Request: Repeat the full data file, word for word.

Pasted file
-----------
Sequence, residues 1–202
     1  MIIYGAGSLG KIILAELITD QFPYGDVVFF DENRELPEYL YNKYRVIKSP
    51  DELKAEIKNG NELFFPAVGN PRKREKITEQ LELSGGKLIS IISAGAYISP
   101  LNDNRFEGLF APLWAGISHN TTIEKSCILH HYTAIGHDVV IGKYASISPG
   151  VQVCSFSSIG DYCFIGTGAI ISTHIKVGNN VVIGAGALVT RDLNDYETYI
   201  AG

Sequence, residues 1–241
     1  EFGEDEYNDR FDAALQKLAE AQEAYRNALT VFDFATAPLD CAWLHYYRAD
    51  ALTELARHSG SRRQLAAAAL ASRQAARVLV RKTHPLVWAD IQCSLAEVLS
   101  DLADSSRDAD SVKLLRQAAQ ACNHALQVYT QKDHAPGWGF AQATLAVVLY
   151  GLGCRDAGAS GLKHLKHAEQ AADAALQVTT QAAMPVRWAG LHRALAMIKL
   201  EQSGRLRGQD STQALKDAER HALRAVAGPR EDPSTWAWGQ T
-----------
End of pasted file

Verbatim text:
Sequence, residues 1–202
     1  MIIYGAGSLG KIILAELITD QFPYGDVVFF DENRELPEYL YNKYRVIKSP
    51  DELKAEIKNG NELFFPAVGN PRKREKITEQ LELSGGKLIS IISAGAYISP
   101  LNDNRFEGLF APLWAGISHN TTIEKSCILH HYTAIGHDVV IGKYASISPG
   151  VQVCSFSSIG DYCFIGTGAI ISTHIKVGNN VVIGAGALVT RDLNDYETYI
   201  AG

Sequence, residues 1–241
     1  EFGEDEYNDR FDAALQKLAE AQEAYRNALT VFDFATAPLD CAWLHYYRAD
    51  ALTELARHSG SRRQLAAAAL ASRQAARVLV RKTHPLVWAD IQCSLAEVLS
   101  DLADSSRDAD SVKLLRQAAQ ACNHALQVYT QKDHAPGWGF AQATLAVVLY
   151  GLGCRDAGAS GLKHLKHAEQ AADAALQVTT QAAMPVRWAG LHRALAMIKL
   201  EQSGRLRGQD STQALKDAER HALRAVAGPR EDPSTWAWGQ T